Amid a pandemic such as the world is currently facing, the importance of life essentials like food, water and shelter is only heightened. So, it was against the backdrop of the emerging coronavirus outbreak that Environmental Works, Inc., replaced the filter media at a municipal water treatment plant in Kansas. With the job completed in mid-March, residents that relied on the water could return to some semblance of normalcy with other parts of their lives still in such flux.
The job began in early 2020 with the removal of media from the plant’s four cell concrete gravity filter. The media was removed by EWI field technicians using a pair of jackhammers and an ADS hose running to an EWI-owned vac truck. Technicians would don fall protection harnesses, descend a step ladder into one of the four cramped cells and begin the laborious process of removing the filter media that had solidified to the bottom of the cell. The work was backbreaking and tedious, complicated by the fact that much of the media was as solid as sandstone, but the technicians preserved.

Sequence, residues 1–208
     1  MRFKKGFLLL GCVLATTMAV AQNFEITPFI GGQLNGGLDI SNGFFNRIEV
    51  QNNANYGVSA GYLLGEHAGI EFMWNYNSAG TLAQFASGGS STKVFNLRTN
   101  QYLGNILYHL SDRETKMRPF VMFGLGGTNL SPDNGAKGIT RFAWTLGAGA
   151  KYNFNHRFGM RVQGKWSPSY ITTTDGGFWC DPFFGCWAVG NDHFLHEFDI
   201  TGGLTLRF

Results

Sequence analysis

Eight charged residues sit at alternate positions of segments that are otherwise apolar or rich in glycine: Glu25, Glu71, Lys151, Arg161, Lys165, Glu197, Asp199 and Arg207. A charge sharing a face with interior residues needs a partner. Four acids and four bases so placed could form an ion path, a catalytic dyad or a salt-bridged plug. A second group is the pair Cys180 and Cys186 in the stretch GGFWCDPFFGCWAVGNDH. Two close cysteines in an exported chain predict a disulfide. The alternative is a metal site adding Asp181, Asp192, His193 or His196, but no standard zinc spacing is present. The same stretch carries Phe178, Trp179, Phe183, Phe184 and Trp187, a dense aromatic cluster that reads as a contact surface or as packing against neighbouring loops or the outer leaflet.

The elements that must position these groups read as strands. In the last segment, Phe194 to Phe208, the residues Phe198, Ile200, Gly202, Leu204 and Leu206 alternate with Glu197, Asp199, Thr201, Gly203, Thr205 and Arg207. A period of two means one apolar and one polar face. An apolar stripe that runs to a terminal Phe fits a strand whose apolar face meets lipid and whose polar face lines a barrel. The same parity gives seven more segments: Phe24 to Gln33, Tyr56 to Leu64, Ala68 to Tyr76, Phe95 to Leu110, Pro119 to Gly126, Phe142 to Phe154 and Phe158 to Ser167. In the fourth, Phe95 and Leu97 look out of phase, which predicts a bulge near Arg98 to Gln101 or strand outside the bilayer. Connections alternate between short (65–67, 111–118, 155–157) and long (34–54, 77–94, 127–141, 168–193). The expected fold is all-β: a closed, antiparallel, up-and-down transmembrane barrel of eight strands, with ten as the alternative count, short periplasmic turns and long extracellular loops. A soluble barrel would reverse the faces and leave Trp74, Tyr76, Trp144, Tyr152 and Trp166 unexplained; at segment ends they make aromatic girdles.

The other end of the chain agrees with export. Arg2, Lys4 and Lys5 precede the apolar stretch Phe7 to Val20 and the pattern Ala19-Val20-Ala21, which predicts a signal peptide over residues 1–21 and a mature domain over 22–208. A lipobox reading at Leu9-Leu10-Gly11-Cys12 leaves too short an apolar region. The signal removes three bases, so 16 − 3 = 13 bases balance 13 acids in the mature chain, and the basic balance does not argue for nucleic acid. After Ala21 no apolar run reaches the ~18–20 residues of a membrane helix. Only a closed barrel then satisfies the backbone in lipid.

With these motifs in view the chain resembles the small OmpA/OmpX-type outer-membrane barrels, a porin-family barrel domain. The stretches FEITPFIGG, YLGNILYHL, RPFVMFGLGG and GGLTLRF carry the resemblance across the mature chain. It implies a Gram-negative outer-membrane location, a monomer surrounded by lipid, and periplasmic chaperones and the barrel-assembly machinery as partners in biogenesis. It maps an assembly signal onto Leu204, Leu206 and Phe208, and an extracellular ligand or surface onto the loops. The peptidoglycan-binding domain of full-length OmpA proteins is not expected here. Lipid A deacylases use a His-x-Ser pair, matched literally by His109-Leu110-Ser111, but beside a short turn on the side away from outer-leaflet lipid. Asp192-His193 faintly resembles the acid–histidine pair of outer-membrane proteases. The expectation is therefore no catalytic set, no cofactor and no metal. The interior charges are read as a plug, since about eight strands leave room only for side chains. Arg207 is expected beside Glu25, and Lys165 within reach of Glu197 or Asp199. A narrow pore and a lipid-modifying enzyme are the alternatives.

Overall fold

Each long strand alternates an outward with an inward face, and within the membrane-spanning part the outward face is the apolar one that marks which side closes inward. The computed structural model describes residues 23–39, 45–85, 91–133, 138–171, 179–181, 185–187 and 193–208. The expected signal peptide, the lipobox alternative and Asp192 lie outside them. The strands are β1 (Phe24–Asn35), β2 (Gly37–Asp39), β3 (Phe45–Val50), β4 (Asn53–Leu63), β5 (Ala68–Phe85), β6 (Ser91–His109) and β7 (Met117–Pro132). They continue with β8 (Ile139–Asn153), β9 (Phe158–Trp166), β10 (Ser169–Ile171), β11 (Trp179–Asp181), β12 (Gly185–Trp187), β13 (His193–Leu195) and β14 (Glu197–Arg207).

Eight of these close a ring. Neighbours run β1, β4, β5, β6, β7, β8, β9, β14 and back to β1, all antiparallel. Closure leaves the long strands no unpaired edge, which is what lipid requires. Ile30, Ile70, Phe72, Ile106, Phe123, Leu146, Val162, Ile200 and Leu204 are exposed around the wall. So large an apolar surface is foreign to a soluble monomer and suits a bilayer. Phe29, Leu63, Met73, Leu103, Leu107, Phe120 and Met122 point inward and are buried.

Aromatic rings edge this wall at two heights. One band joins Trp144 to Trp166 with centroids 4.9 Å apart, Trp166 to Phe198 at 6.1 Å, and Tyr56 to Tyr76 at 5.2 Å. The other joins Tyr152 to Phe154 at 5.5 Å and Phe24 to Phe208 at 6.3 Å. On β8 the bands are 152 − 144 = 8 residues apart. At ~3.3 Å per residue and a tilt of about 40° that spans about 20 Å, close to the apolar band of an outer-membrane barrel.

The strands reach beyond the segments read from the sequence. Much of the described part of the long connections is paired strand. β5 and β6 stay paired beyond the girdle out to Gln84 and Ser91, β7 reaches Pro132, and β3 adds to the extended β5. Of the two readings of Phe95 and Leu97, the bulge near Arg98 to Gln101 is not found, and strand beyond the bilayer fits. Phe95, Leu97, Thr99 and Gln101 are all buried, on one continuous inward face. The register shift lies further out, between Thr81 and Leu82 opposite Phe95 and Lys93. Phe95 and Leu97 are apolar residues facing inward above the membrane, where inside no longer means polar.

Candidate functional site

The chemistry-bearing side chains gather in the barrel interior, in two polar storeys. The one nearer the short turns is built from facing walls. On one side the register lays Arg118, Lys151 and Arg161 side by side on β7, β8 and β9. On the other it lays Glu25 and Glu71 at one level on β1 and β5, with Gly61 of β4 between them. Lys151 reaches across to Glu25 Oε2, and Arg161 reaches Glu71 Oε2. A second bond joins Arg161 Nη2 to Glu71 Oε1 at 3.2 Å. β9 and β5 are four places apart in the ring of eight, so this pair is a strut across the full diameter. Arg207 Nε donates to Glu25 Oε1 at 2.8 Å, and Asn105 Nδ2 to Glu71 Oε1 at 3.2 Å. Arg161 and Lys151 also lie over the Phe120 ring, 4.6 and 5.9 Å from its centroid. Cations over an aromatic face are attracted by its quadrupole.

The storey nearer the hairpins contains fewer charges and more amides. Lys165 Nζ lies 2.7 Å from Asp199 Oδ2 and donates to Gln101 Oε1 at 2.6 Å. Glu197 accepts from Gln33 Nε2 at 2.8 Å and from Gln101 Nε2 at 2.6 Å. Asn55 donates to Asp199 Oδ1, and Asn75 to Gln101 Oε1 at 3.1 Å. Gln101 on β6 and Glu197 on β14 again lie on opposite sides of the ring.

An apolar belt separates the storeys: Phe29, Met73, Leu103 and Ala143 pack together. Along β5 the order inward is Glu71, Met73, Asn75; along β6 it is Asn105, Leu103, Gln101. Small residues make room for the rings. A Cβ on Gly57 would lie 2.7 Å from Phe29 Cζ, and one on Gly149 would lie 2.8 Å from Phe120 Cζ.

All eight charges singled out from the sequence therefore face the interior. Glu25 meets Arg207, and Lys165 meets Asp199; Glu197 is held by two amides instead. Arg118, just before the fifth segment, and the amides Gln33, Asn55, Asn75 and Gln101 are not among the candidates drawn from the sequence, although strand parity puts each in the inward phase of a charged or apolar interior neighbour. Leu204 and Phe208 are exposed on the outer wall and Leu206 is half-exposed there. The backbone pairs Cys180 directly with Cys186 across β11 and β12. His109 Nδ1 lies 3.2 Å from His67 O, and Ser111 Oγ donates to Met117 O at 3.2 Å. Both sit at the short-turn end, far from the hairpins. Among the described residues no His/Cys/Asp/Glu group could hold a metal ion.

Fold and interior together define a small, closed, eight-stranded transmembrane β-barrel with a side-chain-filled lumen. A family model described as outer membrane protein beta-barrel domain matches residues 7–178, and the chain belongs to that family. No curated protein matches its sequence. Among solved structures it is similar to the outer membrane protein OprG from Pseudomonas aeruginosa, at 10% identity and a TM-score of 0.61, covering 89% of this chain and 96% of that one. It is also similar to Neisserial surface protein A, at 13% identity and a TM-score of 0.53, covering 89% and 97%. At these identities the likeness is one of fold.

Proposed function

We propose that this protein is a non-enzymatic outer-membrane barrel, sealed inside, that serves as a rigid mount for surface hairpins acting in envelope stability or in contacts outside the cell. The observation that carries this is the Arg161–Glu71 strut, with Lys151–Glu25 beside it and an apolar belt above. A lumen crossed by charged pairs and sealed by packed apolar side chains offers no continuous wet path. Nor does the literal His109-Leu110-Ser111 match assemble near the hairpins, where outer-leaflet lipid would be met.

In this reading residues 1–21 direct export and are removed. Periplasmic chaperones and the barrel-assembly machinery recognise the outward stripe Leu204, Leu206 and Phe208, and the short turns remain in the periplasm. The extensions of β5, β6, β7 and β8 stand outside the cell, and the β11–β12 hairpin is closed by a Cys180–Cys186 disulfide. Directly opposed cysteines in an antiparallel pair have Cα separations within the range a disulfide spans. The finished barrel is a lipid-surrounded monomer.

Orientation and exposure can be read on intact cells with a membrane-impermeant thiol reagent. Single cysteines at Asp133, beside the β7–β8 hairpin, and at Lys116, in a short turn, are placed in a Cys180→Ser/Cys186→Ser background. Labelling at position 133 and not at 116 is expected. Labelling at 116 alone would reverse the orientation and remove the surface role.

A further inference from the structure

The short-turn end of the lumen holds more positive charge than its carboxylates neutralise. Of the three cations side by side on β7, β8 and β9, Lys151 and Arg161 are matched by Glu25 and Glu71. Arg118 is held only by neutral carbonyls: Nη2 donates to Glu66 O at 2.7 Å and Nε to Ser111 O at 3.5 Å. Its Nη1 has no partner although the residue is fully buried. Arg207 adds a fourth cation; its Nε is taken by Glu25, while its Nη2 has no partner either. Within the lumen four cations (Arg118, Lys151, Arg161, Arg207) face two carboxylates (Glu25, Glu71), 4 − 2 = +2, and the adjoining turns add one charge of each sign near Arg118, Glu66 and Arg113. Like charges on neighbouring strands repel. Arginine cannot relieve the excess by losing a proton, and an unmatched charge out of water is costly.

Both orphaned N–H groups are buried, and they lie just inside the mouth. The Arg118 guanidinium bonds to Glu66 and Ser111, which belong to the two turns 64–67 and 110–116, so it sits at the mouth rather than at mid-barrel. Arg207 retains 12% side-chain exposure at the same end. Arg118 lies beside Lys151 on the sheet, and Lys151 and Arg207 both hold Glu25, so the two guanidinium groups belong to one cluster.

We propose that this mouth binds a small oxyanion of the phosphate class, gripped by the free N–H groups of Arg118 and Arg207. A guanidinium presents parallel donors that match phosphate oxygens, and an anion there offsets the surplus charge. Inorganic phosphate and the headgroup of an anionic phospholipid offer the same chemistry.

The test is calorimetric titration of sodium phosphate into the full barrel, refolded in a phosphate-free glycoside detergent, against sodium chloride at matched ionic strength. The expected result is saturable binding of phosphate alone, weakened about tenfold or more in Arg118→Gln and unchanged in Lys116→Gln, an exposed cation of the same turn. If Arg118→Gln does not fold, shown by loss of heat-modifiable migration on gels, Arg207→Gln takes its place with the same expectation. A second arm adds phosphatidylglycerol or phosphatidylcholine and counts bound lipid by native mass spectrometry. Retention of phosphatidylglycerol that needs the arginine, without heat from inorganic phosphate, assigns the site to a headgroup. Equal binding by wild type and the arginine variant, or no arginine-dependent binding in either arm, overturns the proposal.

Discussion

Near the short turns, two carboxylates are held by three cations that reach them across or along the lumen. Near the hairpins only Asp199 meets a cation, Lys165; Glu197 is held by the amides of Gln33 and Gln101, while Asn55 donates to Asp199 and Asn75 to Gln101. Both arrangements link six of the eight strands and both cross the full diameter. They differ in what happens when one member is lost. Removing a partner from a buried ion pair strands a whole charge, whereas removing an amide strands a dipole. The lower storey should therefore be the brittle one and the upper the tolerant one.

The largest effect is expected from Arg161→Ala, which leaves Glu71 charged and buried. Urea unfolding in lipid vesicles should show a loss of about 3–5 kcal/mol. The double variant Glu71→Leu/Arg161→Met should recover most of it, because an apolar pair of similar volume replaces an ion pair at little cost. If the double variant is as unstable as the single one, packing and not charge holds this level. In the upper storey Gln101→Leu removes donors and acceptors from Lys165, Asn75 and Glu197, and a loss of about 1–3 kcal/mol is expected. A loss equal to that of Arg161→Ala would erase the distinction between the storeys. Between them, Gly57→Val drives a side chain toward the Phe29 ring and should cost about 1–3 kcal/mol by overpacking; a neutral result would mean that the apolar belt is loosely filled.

Once the media was finally and completely removed, EWI returned to the site to replace the media. Installation of the new media called for four inches of torpedo sand, topped with 12 inches of .5-.7 MM sand, topped with six inches of .35-.5 MM sand, topped off with 12 inches of .8-1.2 MM anthracite. In total, the replacement required 352 cubic feet of filter sand and 240 cubic feet of anthracite, including three inches extra of anthracite for hydraulic grading.
Anthracite is a coal of a hard variety that contains relatively pure carbon. Because of its unique density, it can be used in multi-media filters, and will hydraulically classify and remain above heavier media such as filter sand, providing a prefiltration layer, according to Alliance International.
Much of the new media was installed by hand, but EWI also had a dense phase vac truck at the ready. A dense phase vac truck can push material out as well as pull material in, said Steve FitzGerald, client manager out of EWI’s Kansas City office.
After every layer installed, EWI backwashed the sand to clean and settle the filter. As the backwash drained, a field technician would put on a respirator and harness, descend a step ladder and use a squeegee to sift off the top layer of media foam from the backwash.
“The filter replacement should last 15-20 years,” said FitzGerald.
This is the first filter exchange EWI has completed as a company, he said, adding that he hopes EWI will have the opportunity to take on many more municipal filter replacements in the future.